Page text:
Last year after the celebration of the Triduum (the three days before Easter) I recall speaking to someone about the Easter Mass. He said, "Easter almost feels like a let-down". I knew exactly what he was speaking about; have you ever felt that way? What he was referring to was the fact that the Easter Mass comes after Holy Thursday, Good Friday, and the Easter Vigil (all of which are very different services from the normal Sunday Mass). It almost feels like Easter is "just ordinary" after all the different ceremonies of the Triduum.
That is actually the way that it is supposed to be, though we do not usually think of it like that. You need to understand that all the other 51 Sundays of the year are designed to be a "little Easter" and therefore are patterned after the original source for Sunday Mass: Easter Day. Easter is the norm, and the others are the copies (so that we can continue to celebrate the resurrection of Christ every Sunday of the year). So it is not a "let-down" exactly; it would be better to say that on Easter we return to "normal".
This does not mean, however, that we are supposed to allow ourselves to get bored with the normal pattern of Sunday Mass; especially this Sunday. The Easter season goes from Easter Sunday until Pentecost (May 31st this year), but the seven days after Easter are counted as part of Easter. This means that we are still celebrating Easter today; do not think that it has ended. Today being "Divine Mercy Sunday" is the conclusion of the real Easter celebration (this is also why you did not need to practice your weekly Friday abstinence last Friday).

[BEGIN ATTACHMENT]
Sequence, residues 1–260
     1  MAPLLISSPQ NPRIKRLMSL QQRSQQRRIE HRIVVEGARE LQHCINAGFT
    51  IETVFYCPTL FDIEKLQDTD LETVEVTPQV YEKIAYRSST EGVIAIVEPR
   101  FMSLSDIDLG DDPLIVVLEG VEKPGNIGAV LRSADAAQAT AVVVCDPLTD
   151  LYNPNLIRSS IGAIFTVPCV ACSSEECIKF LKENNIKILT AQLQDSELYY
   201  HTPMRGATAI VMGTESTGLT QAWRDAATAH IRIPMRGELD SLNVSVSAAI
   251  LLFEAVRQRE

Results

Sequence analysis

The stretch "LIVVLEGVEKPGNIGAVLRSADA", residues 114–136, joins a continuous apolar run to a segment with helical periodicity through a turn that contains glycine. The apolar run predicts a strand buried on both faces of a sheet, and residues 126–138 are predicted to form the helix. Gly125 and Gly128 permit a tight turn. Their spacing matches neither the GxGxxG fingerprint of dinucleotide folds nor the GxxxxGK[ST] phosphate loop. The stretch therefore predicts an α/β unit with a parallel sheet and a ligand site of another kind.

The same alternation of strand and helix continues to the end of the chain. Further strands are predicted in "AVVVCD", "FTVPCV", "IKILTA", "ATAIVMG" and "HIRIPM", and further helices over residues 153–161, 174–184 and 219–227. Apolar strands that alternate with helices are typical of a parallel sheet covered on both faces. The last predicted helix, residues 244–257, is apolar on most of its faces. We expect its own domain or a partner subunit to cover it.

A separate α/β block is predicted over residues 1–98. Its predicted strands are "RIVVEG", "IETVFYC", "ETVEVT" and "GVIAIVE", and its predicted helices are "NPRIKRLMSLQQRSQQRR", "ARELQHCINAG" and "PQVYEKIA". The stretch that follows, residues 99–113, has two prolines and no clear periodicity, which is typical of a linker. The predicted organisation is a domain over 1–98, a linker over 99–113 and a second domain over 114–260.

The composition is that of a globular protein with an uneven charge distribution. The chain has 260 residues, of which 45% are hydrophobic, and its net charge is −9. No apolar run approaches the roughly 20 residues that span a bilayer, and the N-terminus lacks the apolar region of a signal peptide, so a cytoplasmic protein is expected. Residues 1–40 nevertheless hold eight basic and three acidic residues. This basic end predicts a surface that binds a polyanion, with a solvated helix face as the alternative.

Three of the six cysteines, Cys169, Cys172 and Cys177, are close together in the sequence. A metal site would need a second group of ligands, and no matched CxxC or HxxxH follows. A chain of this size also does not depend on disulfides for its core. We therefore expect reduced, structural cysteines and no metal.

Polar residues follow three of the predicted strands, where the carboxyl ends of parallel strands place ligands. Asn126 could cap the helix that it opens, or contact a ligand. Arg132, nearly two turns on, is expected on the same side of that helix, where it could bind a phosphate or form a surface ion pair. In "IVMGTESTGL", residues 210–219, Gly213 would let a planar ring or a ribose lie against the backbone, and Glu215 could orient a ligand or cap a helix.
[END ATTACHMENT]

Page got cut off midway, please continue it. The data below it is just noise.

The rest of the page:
In the gospel reading for today, Jesus set this pattern for the Apostles. He came to visit them first on the "evening of the first day of the week" (the first Easter). In other words, He came on the Sunday of His resurrection. Then He came "eight days later" (on "Divine Mercy Sunday") and appeared to them once again. He came to them as He comes to each of us on every Sunday (even if we cannot gather for Mass!). He comes to you and your family today. He approaches you in your very homes and says "Peace be with you".
When He comes to you today, He wants to find you keeping the pattern of Sundays. He wants to see you doing all you can to maintain the Lord's Day as a day of rest and worship. He wants you to say the rosary, or read the Scripture readings for today. He wants to find you being with your family (as much as you can). He wants to find you remembering that wherever we are, whatever we are doing, and however difficult the times are that we are going through, that we acknowledge that He is our Lord, and that "this is the day the Lord has made, let us be glad and rejoice in it". And He wants to give you His peace. In the name ✠ of the Father, and of the Son, and of the Holy Ghost. Amen.